Forum for Science, Industry and Business

Sponsored by:     3M 
Search our Site:

 

Silver nanocubes make super light absorbers

07.12.2012
Microscopic metallic cubes could unleash the enormous potential of metamaterials to absorb light, leading to more efficient and cost-effective large-area absorbers for sensors or solar cells, Duke University researchers have found.

Metamaterials are man-made materials that have properties often absent in natural materials. They are constructed to provide exquisite control over the properties of waves, such as light. Creating these materials for visible light is still a technological challenge that has traditionally been achieved by lithography, in which metallic patterns are etched onto an inert material, much like an ink-jet printer.


These are nanocubes.
Credit: Cristian Ciraci

As effective as lithography has been in creating such structures, it does have a limitation – it is very expensive and thus difficult to scale up to the large surface areas required for many applications.

"Our new approach is more of a bottom-up process," said Cristian Ciracì, research scientist at Duke's Pratt School of Engineering. "It may allow us to create devices – such as efficient solar panels – that cover much larger areas. In our experiments, we demonstrated an extraordinarily simple method to achieve this."

The results of Ciracì and co-workers' experiments, which were conducted in the laboratory of senior researcher David R. Smith, William Bevan Professor of electrical and computer engineering at Duke, were published Dec. 6 in the journal Nature.

For many applications or devices, the key is the material's ability to control the absorption of electromagnetic waves. Metals, for example, can be highly reflective on their own, which may be beneficial for some applications, but for something like a solar cell, optimal light absorption is desired.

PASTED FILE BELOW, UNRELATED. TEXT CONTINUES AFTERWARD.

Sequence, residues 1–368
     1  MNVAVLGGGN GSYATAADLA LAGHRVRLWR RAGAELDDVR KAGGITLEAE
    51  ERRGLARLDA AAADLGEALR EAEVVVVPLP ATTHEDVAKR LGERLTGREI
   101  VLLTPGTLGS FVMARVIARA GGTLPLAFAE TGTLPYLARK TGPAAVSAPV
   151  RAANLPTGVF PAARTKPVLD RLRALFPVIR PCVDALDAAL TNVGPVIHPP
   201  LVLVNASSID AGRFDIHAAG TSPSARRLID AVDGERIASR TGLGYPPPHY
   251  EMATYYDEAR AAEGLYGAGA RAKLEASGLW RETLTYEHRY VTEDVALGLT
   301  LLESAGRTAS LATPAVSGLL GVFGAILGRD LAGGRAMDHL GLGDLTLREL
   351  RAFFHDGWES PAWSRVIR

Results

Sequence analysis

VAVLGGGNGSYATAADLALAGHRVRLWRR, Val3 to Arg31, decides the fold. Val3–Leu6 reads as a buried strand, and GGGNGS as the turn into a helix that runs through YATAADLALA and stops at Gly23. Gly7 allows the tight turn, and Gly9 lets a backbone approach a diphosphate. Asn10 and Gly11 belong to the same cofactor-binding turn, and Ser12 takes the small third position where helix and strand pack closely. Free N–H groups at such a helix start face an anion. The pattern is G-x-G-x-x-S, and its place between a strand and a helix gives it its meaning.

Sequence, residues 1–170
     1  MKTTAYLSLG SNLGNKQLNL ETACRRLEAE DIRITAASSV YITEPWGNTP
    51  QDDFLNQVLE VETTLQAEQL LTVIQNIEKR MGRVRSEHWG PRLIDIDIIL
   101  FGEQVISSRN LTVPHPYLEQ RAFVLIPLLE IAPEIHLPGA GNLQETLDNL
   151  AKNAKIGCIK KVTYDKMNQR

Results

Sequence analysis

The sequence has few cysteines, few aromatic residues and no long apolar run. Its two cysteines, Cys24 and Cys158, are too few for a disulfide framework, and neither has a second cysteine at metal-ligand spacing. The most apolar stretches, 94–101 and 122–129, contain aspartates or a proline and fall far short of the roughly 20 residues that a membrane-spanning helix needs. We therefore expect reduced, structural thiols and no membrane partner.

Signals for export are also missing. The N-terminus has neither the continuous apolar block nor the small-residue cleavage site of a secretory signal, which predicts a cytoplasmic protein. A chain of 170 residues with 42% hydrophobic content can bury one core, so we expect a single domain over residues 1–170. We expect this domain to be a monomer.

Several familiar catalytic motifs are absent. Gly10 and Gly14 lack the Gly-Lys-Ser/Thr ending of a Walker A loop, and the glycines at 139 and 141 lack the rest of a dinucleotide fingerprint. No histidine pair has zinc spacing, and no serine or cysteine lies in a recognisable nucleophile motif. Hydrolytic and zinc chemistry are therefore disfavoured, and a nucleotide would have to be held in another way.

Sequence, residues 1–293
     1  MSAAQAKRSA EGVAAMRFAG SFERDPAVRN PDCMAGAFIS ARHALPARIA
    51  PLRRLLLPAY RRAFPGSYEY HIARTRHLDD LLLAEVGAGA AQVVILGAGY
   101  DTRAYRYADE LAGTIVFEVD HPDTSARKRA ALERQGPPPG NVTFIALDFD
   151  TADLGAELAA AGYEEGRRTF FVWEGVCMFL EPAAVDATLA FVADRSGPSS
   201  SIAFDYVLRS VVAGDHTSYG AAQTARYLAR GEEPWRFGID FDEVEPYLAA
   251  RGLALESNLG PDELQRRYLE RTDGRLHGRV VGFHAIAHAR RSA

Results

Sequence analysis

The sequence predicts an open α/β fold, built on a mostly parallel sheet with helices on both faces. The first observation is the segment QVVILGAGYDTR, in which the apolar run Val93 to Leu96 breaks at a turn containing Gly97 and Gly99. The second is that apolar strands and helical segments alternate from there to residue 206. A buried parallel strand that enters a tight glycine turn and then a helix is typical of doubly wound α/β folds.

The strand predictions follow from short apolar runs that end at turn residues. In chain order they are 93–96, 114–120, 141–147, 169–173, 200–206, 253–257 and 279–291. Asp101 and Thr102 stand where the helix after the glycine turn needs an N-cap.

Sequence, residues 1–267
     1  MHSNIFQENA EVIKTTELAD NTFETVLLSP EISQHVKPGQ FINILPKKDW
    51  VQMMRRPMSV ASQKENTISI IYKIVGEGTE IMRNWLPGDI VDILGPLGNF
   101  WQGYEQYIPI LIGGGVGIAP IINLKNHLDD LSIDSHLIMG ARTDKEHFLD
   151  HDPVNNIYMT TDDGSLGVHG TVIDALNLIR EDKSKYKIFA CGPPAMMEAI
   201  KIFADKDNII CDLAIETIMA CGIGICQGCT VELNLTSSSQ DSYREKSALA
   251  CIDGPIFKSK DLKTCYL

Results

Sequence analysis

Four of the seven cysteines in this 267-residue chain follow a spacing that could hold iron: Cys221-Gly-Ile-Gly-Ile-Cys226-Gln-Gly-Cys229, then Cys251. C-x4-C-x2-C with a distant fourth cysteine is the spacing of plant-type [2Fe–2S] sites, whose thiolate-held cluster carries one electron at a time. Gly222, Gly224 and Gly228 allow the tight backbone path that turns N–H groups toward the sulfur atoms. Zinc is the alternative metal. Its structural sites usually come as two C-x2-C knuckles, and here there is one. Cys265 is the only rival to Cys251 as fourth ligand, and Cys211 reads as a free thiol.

"However, metamaterials based on metallic elements are particularly efficient as absorbers because both the electrical and magnetic properties of the material can be controlled by how we design them," Ciracì said.

The new metamaterial developed by the Duke team has three major components – a thin layer of gold film coated with a nano-thin layer of an insulator, topped off with a dusting of millions of self-assembled nanocubes. In the current experiments, the nanocubes were fabricated out of silver.

"The nanocubes are literally scattered on the gold film and we can control the properties of the material by varying the geometry of the construct," Ciracì said. "The absorptivity of large surface areas can now be controlled using this method at scales out of reach of lithography."

While metals on their own tend to have reflective properties, the nanocubes act as tiny antennae that can cancel out the reflectance of the metal surface.S

"By combining different components of the metamaterial elements together into a single composite, more complicated reflectance spectra could be engineered, achieving a level of control needed in more exotic applications, such as dynamic inks," Ciracì said.

The research was supported by the Air Force Office of Scientific Research and by the Army Research Office's Multidisciplinary University Research Initiative (MURI).

The other members of the team were first author Antoine Moreau, Clermont University, France; Duke's Ryan Hill, Jack Mock, Benjamin Wiley and Ashutosh Chilkoti; and Qiang Wang from the Capital Normal University, Beijing.

"Controlled-reflectance surfaces with film-coupled colloidal nanoantennas," A. Moreau, C. Ciraci, J. Mock, R. Hill, Q. Wang, B. Wiley, and A. Chilkoti. Nature, 6 Dec., 201

Richard Merritt | EurekAlert!
Further information:
http://www.duke.edu

More articles from Physics and Astronomy:

nachricht Hubble observes one-of-a-kind star nicknamed 'Nasty'
22.05.2015 | NASA/Goddard Space Flight Center

nachricht Basel Physicists Develop Efficient Method of Signal Transmission from Nanocomponents